Lahore - The Pakistan Cricket Board (PCB) Friday handed over supporting evidence against batsmen Sharjeel Khan and Khalid Latif to the three-member Anti-Corruption Tribunal.

The PCB-formed Anti-Corruption Tribunal, which is probing into spot fixing scandal of Pakistan Super League (PSL), held its hearing here at the National Cricket Academy (NCA).

After the hearing, the PCB spokesman said: “The cricket board submitted its opening brief to the Anti-Corruption Tribunal, which details its claims along with all the supporting evidence. This includes, amongst other material, witness statements, recorded interviews, match footage, and copies of certain WhatsApp voice messages.”

The hearing was attended by Justice (R) Asghar Haider (chairman), Lt Gen (R) Tauqir Zia and Wasim Bari (members), Sharjeel Khan, along with Advocate Shaigan Ijaz, PCB Advocates Taffazul Rizvi and Haider Ali Khan, PCB Legal Affairs GM Salman Naseer, PCB’s Vigilance and Security Department head Col (R) M Azam Khan.

The Anti-Corruption Tribunal directed that the parties would not make any comments regarding the proceedings of this tribunal, the contents of the evidence presented to this tribunal, or on the merits of the present proceedings. A copy of the opening brief along with all the material was also provided to Sharjeel Khan and his counsel who will respond by filing an answering brief before the tribunal on May 5, 2017.

After a delay of an hour due to the fact that Khalid Latif was awaiting the decision of the Honourable High Court, proceedings of the Anti-Corruption Tribunal commenced. Latif, through his counsel, filed a miscellaneous application. However, the said application was dismissed by the Anti-Corruption Tribunal. The tribunal also noted the reservation of the counsel of Latif to challenge the order of the Learned Single Bench before relevant legal forum.

The PCB’s counsel submitted its opening brief to the tribunal which details its claims along with all the supporting evidence. This includes, amongst other material, witness statements, recorded interviews, recovered material, match footage, and copies of certain WhatsApp voice messages.

The tribunal directed that the parties would not make any comments regarding the contents of the evidence presented to this tribunal, or on the merits of the present proceedings. A copy of the opening brief along with all the material was also provided to Latif and his counsel, who as per Anti-Corruption Code shall respond by filing an answering brief before the tribunal on May 5, 2017.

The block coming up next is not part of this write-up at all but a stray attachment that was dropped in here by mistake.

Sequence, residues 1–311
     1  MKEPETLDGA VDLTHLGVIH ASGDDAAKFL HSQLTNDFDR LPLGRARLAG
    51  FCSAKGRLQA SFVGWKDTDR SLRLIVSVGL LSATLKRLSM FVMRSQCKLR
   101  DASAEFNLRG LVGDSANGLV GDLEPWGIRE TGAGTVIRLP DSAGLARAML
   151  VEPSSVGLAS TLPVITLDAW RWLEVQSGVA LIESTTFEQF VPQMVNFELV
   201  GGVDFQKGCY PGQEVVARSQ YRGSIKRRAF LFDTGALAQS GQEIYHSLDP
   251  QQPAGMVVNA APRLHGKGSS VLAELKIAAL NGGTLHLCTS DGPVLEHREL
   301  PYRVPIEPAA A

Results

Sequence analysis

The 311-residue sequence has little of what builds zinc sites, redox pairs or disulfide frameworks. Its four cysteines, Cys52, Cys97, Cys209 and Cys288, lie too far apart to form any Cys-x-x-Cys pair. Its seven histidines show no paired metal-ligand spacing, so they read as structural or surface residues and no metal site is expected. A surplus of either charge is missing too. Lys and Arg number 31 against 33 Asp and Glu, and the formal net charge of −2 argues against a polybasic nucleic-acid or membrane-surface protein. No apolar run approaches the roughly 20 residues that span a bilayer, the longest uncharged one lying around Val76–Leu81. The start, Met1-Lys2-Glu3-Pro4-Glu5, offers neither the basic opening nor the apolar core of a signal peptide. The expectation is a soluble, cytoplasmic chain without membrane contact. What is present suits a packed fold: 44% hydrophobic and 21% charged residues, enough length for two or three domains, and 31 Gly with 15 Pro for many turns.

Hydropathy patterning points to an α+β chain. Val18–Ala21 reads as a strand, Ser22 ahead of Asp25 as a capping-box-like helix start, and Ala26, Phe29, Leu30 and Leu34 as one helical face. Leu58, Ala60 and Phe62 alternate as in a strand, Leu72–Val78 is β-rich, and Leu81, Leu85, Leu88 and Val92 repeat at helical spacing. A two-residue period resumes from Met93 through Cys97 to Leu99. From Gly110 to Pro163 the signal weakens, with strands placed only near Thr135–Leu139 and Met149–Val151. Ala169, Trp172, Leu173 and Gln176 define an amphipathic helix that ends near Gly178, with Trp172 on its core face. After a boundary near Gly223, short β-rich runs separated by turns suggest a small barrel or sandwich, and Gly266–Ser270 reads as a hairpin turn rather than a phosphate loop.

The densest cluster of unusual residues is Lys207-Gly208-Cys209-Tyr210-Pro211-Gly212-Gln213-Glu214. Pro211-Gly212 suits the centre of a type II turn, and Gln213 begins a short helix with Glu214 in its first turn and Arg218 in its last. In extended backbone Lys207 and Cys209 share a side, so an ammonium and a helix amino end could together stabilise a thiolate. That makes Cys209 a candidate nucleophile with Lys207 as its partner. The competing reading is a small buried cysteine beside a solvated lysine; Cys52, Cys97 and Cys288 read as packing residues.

In reply to tweets by sports journalists, the PCB said that they had strong evidence against the players, who were charged and wanted to follow due rules and procedures before convicting anyone. “We have the evidence to convict them as charged. Withhold your judgment until conclusion of the cases,” one of the PCB’s replies read.  The other tweet said: “The PCB will not compromise on rules and procedures for due process of accountability and justice simply to appease media appetite for controversy.”

Meanwhile, Khalid Latif’s request to the Lahore High Court (LHC), where he challenged the formation of the Anti-Corruption Tribunal (ACT), was rejected on Friday.

The 31-year-old is undergoing an investigation by the PCB in regards to the PSL spot-fixing scandal. Latif’s lawyers pleaded the case to Justice Shams Mahmood Mirza that the PCB had no authority to form a tribunal neither any Anti-Corruption Unit or the tribunal had any legal mandate to take action against him.

Furthermore, all members in the past have been associated with the PCB and hence not independent. PCB’s lawyer Taffazul Rizvi maintained that the board’s governing body gave approval to setup Anti-Corruption Unit on November 17, 2015, further adding that the PCB chairman under Sports and Development Ordinance (1962) have the mandate to authorise a tribunal.

After hearing the case from both sides, Justice Mirza rejected Latif’s petition for further proceedings. Latif has been charged for breaching Articles 2.1.1; 2.1.2; 2.1.3, 2.1.4; 2.4.4; and 2.4.5 of the PCB's anti-corruption code. He faces five charges on counts relating to fixing and failure to report it, and another charge of attempting to lure other players to fixing.

Latif’s lawyer had informed during a hearing before the tribunal last month that his client had rejected all the allegations and would take the case to trial.